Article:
Normally an agency such as ours steers clear of rather salesy-sounding statements such as this, but the fact is, at the moment it is simply true that property here has never been cheaper.
Naturally one has to qualify the statement – and when we say ‘never’ we actually mean for many years. Indeed, the various factors at work at the moment combine to make property cheaper today than it was back in 2000.
We all know that after property prices on the Costa del Sol (and many other parts of the world) peaked around 2007, when after many years of boom they were suddenly seen to be over-inflated as the bubble burst in the wake of the 2008 global financial crisis. The latter had it roots in a variety of causes, but was laid bare by the American sub-prime crisis, or the unravelling of an American mortgage system that had become lax in its lending criteria.
What followed was a gradual decline in prices, which by 2013-2014 had wiped 30-50% off property values in many parts of Spain and its costas. The most desirable properties and areas were shielded from much of this, but if you consider that pre-recession prices were over-inflated by 25% or more, then a drop of 40% corrects that and reduces the real 2007 value by a little over 20%.
Real term prices in today’s money
This puts 2015 property values on the Costa del Sol and Sotogrande at comparable levels to the period of 2000-2002 – which means that in real terms they are considerably lower than then. Correct the figures for inflation and an increase in average income levels of 20-25% since 2000, and the property prices of today are lower than fifteen years ago when measured against real term buying power.
And this is in spite of the fact that incomes haven’t been growing much since the onset of the recession. These figures apply to people buying from within the Eurozone, but if you come from outside it the picture is different still. For those buying with other hard currencies – the pound, dollar, Swiss francs and the Norwegian and Danish krones – the situation is better yet.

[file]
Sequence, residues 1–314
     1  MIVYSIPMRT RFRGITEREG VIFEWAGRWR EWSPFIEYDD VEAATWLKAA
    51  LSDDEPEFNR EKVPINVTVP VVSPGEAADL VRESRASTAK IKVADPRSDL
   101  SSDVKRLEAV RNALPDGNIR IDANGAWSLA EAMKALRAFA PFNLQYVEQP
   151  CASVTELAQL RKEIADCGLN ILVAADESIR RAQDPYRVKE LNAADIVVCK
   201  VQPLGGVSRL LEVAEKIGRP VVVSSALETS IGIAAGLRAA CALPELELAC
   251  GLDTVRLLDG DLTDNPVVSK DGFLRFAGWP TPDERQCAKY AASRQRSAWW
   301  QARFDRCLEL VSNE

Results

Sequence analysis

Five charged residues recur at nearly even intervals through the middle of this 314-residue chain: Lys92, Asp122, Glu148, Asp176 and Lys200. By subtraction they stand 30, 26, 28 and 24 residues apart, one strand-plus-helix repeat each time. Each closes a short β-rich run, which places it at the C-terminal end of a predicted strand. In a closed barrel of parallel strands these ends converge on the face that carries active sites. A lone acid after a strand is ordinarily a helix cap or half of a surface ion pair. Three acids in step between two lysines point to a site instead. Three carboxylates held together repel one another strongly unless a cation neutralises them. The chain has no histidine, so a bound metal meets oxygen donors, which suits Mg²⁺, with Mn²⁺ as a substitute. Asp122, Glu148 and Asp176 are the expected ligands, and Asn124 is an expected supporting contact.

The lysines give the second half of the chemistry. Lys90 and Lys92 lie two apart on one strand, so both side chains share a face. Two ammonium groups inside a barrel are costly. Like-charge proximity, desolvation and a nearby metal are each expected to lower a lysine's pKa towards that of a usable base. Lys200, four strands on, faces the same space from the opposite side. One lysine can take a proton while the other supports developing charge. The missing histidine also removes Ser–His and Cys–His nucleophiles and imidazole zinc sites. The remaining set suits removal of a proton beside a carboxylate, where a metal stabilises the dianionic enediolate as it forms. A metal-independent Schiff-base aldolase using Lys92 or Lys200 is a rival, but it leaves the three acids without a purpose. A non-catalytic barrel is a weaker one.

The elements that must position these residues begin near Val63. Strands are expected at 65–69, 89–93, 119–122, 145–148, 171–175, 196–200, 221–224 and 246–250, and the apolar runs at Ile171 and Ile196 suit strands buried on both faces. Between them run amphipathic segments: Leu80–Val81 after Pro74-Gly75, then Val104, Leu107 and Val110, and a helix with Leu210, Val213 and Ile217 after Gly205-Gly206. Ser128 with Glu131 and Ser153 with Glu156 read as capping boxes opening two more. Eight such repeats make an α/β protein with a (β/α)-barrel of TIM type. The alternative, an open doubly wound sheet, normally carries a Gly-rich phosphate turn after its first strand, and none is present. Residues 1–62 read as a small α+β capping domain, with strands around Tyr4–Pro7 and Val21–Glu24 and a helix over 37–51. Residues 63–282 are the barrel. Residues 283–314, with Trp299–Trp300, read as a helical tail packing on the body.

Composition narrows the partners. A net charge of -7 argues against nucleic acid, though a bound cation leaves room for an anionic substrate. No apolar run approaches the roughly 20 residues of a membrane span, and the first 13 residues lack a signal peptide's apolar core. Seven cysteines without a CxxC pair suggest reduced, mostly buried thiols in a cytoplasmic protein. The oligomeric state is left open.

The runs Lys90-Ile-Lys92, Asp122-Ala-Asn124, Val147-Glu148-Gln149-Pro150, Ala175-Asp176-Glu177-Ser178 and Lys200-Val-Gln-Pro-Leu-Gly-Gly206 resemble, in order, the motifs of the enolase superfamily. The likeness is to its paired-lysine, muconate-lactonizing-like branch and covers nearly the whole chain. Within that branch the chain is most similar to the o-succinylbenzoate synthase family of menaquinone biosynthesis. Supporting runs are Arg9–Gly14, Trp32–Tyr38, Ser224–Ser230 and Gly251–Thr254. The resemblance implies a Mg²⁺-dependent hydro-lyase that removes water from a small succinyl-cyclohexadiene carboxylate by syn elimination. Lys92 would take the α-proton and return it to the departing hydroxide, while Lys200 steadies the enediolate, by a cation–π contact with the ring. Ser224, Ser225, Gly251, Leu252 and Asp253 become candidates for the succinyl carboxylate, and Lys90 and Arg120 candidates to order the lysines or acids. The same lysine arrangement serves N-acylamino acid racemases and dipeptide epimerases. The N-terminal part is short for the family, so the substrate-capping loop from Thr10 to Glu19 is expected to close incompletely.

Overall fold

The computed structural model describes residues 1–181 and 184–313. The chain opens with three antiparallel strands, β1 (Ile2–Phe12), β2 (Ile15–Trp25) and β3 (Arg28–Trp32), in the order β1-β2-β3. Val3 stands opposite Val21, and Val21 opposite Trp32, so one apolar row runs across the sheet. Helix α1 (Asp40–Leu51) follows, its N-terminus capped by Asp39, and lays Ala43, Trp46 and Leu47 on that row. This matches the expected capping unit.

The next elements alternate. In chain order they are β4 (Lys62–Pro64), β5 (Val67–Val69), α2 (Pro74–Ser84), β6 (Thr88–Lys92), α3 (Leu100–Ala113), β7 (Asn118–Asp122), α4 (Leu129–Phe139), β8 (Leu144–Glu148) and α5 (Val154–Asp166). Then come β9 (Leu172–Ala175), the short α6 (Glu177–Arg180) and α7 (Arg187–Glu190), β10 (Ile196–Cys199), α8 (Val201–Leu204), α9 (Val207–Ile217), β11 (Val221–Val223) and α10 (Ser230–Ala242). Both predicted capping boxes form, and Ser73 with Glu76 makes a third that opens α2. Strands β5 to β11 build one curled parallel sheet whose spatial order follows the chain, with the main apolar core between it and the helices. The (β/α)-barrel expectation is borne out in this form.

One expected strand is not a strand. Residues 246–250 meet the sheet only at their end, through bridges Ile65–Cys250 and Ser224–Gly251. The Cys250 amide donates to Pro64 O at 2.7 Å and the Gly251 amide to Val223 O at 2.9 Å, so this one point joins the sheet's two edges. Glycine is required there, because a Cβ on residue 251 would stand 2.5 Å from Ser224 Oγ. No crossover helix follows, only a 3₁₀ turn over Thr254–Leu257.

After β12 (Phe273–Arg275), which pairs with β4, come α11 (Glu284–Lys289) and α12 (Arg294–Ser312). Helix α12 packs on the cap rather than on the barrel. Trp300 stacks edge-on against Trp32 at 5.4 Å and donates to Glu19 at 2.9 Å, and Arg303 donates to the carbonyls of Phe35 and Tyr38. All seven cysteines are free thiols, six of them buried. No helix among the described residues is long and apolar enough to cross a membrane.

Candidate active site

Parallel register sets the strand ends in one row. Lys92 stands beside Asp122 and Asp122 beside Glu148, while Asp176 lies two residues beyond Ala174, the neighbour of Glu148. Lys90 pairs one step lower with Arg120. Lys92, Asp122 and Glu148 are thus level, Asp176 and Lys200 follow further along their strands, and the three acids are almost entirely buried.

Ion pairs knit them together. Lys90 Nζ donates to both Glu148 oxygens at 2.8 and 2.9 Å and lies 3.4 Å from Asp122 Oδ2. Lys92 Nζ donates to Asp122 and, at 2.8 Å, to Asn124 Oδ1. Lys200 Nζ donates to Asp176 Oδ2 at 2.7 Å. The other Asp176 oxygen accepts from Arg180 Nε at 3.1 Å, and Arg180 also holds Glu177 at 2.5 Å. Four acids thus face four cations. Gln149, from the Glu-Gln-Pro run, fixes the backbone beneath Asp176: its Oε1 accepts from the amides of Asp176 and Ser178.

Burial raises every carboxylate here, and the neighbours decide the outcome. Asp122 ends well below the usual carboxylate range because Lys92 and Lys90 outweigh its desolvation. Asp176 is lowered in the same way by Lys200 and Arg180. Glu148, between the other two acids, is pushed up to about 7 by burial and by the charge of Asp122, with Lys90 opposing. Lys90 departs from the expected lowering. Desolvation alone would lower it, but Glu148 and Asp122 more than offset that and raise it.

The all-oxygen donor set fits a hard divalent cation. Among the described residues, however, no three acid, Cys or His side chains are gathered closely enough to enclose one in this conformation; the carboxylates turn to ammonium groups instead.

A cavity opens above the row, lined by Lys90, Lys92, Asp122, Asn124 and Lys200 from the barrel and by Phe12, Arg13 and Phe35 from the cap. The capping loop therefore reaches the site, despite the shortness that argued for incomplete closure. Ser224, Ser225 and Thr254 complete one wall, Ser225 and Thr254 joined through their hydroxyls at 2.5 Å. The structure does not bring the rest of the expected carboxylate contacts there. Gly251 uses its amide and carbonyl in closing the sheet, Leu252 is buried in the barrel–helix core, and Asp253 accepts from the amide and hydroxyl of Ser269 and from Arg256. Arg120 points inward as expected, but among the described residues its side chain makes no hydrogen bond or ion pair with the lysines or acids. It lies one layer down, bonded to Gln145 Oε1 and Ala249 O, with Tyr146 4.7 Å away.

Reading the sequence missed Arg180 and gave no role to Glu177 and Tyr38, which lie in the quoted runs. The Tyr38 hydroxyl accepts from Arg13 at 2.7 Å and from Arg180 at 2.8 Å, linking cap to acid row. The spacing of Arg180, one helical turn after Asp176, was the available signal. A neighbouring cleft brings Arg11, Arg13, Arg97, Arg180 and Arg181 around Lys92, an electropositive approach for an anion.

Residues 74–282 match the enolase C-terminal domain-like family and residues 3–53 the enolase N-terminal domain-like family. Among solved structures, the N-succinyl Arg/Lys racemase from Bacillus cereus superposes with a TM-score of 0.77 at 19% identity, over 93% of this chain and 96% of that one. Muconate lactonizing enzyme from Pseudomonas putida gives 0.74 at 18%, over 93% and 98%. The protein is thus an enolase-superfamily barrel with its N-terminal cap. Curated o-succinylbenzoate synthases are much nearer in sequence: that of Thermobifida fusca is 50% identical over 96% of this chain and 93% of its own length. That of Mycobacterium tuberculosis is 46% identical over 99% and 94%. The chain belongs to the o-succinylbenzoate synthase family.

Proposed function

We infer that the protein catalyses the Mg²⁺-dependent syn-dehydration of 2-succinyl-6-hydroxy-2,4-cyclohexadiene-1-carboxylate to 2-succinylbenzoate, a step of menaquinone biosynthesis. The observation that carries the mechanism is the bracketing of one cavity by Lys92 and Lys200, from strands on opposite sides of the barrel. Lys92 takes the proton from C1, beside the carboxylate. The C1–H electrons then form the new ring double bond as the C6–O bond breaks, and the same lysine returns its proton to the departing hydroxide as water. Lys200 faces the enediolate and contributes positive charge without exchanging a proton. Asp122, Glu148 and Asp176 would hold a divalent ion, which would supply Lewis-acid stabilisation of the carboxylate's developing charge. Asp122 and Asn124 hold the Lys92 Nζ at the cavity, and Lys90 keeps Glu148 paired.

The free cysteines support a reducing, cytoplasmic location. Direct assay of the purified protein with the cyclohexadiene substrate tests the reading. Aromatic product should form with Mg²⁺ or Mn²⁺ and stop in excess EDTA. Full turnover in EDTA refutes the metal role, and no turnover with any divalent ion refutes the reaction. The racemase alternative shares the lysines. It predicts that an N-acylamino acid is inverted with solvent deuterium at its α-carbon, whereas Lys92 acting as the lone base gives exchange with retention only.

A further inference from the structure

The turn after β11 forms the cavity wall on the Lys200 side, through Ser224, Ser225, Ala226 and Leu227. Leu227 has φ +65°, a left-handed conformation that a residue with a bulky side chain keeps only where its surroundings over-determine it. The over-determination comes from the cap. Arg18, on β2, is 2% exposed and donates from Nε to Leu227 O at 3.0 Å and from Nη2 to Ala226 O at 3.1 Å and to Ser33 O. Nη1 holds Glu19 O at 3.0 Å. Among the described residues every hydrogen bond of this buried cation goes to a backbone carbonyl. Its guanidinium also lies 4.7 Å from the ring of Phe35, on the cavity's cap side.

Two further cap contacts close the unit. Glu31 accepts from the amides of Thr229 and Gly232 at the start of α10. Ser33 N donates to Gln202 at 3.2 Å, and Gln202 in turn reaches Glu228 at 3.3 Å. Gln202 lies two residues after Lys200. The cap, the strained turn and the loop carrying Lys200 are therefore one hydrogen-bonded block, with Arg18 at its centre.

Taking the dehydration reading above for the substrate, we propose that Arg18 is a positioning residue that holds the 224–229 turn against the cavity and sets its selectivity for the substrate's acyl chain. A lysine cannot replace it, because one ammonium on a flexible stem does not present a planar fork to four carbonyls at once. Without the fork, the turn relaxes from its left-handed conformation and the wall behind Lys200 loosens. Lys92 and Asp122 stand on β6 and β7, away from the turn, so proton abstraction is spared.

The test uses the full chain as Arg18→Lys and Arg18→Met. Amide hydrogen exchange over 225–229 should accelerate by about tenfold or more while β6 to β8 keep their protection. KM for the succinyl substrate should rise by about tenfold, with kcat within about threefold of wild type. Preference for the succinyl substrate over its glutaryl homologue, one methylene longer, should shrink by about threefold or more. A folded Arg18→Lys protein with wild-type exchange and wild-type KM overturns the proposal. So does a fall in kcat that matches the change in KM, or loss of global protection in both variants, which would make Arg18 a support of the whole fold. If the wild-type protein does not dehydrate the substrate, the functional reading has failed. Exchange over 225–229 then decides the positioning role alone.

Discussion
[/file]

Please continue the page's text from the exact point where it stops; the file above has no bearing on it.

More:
The impact of a lower euro
Having previously re-established stability and trust by pegging the euro at roughly 1.15 to 1.25 to the pound, the European Central Bank (ECB) recently ‘let the euro go’, allowing the exchange rate to float up towards 1.40 and bolstering the process through a round of quantitative easing. Both this QE and the lower euro are designed to bolster the Eurozone economy, the latter through greater price competitiveness in the global export markets – but for people outside the currency bloc it means one thing above all: greater buying power when converting their money into euros.
In other words, a British, Scandinavian or Swiss homebuyer on the Costa del Sol will be able to spend at least €100,000 more on a £1 million budget, and as consumers of all kinds have a tendency to nudge up their spending ceiling a little in pursuit of what they seek it is a very welcome margin to play with. Combined with property prices that are already highly attractive and at their lowest real-term levels for many years, it makes this an ideal time to consider buying a home – be it for your own use or purely for medium-term investment returns – in this part of Spain.
Is this all there is to it?
No, actually there is more. Figures in themselves tell only part of the story. To get the full picture you need context, and greater context is provided by knowing which way the market is moving. Attractive prices are all well and good, but if they are expected to drop further people will wait before buying. This is the stagnation of economic activity, consumer spending and business investment that fuels much of the fears surrounding worries about deflation, but while deflation would affect the value of consumer goods and wages it is highly unlikely to lower the property values of prime areas in the Costa del Sol further.
These have begun to grow slowly again in areas such as Sotogrande, Marbella and Ibiza – driven by strong demand from an upmarket segment that is far more recession-proof and investment-savvy than the mass market. As a result, the initial recovery in the local property market has now become true growth in its own right, with sales rising, new quality-led construction slowly beginning again and prices gradually nudging upwards. Which means that this is not only the cheapest moment in years to buy property here, but also one when the property market is visibly moving upward again and confidence, demand and ultimately prices are growing with it. Quite simply put, it is an ideal moment to buy a property in Sotogrande.
Please contact us if you would more information about the market and the properties in the Sotogrande region.By Jackie Cruz - Manifesto ·